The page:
Alice Armstrong – live at The Sound Lounge, Sutton 5 October 2023

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Review by Tim Marcus with photos from Sam Conquest Photography

Tonight we’re at a brand new venue for us, surprisingly so given that it’s only ten minutes from where I live however for whatever reason, up until this evening, events have conspired to keep me away. As we walk in through the door I’m immediately hit by the intimacy, charm and idiosyncrasy of the venue, unusually situated in the middle of a pedestrianised urban high street, in what I believe was a former bank premises. With a capacity, I would guess of no more than 100/150 there’s an L-shaped bar at the entrance end of the room with a small stage opposite at the other end. The space in between is filled with an eclectic mix of tables, chairs and even old-fashioned school desks, all with excellent views of the stage. Aside from the bar which also serves a variety of teas, coffees and cakes (my partner in crime this evening was even served the tea she requested in a bone china teapot and tea cup!), the venue also boasts a wonderful vegan kitchen serving food throughout the day and evening.

As tempting as the menu looks, however, the main reason for our visit this evening is to see and hear the wonderful female vocalist, Alice Armstrong. Those familiar with Alice will be aware that she performs in a variety of formats, anything from a duo with keyboard player Stevie Watts to performing with a full four-piece band and backing singer. Tonight we have something that sits halfway between the two as she is accompanied this evening by guitarist Olly Knight-Smith and her regular rhythm section of Josh Rigal (bass) and Kev Hickman (drums).

We’ve seen Alice a few times now and therefore we do not know what to expect from her in terms of the composition of her set list: She is so versatile. Those who’ve read my reviews before will know that I’m always reluctant to pigeonhole an artist into any particular genre of music. In the case of Alice, I defy anyone to be able to do so, so mixed and eclectic is her style. We get blues, we get rock ballads, we get pop, we get soul, even get some jazz and so much more.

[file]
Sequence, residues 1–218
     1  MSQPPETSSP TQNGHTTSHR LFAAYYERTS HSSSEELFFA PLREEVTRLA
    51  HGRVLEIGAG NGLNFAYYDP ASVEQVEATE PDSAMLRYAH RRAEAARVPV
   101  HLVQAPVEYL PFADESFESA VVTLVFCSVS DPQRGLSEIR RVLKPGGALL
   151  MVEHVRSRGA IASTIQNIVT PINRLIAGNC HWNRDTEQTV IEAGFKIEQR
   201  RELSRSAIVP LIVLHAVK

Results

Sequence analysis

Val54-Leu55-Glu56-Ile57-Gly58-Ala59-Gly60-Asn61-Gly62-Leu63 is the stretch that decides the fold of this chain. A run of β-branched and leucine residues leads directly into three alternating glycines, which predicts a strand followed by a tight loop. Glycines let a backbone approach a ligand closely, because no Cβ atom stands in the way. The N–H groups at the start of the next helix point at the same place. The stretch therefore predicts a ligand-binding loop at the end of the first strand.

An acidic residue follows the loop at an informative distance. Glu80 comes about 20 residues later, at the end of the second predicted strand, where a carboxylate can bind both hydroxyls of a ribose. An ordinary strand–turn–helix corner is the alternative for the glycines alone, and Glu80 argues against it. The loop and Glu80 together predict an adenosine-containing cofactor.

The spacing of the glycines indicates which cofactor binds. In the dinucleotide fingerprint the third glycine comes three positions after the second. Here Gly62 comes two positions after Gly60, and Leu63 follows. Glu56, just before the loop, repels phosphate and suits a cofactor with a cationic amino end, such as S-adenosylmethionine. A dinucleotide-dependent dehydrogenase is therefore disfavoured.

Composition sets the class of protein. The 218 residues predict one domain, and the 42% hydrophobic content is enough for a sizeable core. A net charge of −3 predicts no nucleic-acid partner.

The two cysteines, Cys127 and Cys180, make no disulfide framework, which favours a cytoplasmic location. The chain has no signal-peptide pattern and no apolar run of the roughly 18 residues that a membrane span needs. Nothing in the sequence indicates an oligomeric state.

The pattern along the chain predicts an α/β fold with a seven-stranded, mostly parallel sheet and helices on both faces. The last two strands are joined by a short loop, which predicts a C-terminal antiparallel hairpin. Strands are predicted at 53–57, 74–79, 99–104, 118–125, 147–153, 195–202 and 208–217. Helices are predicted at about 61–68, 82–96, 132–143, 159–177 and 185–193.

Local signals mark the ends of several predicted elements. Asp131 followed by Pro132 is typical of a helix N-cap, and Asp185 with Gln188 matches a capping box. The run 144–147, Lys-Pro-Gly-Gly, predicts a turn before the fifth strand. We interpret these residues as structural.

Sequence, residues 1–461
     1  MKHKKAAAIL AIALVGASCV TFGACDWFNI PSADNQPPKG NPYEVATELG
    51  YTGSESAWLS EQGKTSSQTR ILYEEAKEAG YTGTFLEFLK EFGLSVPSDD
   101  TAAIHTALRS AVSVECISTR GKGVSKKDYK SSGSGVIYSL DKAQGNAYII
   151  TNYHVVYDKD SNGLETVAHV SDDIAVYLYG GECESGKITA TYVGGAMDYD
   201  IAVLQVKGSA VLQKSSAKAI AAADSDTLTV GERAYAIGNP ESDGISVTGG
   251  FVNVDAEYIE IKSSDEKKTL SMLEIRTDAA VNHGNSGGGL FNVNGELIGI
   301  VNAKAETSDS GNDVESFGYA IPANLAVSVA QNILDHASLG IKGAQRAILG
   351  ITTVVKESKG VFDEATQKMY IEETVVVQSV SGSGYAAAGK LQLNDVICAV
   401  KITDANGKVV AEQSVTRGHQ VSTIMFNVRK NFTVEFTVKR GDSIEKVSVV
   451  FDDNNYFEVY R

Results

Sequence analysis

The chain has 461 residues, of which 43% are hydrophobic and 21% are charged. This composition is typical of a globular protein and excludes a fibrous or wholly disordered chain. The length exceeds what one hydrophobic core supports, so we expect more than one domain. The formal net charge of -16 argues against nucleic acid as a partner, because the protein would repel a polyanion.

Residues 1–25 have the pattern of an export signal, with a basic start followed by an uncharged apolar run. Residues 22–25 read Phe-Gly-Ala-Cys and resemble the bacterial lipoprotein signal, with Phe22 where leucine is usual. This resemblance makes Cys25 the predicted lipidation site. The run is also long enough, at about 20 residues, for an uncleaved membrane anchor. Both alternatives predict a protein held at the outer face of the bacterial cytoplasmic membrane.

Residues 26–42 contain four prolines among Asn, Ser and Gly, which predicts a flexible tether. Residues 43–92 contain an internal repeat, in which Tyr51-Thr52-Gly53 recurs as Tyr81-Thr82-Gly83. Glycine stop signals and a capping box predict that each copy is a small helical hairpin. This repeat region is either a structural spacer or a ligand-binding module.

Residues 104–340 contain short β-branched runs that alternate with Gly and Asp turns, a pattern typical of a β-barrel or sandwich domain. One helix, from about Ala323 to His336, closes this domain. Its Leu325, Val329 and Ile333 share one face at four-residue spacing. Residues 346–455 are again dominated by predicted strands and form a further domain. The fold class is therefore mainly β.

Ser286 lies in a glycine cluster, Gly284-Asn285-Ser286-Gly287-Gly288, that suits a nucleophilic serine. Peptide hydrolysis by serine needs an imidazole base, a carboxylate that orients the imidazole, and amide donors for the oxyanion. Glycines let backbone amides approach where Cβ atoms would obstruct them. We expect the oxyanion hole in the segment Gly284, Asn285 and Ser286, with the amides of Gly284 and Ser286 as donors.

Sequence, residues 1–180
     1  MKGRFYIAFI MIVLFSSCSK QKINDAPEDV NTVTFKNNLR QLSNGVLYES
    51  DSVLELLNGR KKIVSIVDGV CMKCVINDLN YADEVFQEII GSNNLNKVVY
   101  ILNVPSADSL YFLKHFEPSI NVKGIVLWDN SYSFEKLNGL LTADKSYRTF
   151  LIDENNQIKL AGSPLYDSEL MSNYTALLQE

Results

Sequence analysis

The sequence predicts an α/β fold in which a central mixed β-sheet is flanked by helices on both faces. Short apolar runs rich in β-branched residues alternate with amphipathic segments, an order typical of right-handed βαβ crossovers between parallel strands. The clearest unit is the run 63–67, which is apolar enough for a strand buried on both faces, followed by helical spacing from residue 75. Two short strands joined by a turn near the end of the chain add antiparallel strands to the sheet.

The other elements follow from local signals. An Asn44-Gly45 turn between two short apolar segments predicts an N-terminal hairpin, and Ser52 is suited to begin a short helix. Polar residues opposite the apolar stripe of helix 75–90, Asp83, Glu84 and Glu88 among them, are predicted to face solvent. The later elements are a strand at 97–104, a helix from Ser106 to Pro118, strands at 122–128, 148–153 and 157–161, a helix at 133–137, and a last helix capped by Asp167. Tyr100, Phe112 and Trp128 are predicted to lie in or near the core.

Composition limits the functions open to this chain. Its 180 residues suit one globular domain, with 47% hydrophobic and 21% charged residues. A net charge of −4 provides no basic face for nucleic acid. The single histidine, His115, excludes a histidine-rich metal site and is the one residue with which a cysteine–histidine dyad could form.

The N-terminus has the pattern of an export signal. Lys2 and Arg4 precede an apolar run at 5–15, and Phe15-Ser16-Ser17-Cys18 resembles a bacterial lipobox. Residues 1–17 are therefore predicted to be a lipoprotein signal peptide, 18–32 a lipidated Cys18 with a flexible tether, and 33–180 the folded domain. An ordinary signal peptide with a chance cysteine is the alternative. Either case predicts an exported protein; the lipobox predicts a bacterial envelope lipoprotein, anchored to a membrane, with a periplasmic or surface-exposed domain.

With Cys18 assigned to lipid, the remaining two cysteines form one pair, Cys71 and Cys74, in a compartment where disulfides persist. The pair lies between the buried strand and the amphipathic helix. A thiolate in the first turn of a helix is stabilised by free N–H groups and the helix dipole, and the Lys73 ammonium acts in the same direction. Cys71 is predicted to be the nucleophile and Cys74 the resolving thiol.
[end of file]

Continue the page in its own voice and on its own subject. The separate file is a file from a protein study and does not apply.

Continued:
Chatting briefly between sets with drummer Kev Hickman (who’s also part of Catfish as well as working with the likes of the talented Dom Martin), he tells me that as much as he enjoys essentially being a blues rock drummer, working with Alice provides a different sort of challenge as she’ll send out a new song to the band which will always be different and could be absolutely anything from the array of different genres that her talents touch upon.

Alice’s songbook this evening, as has been the case in all of her recent shows we’ve seen, covers a whole variety of topics, some fun and amusing, others perhaps less so. During the course of the evening, Alice tells those of us gathered that in terms of her own songwriting journey, she’s only recently come to terms with being able to write songs about her own experiences and those we hear this evening that fall into that category are delivered with great emotion alongside the ever-present power and control in her vocal. To try and convey to you the full experience of an Alice Armstrong show in one simple review is a nearly impossible task. The closest I can get perhaps is to use a couple of sentences I used on a previous review. To hear Alice performing is like hearing the sounds of Maria Callas, Aretha Franklin and Janis Joplin all coming from the same person. That to me is Alice Armstrong and that to me is what makes Alice Armstrong so good.

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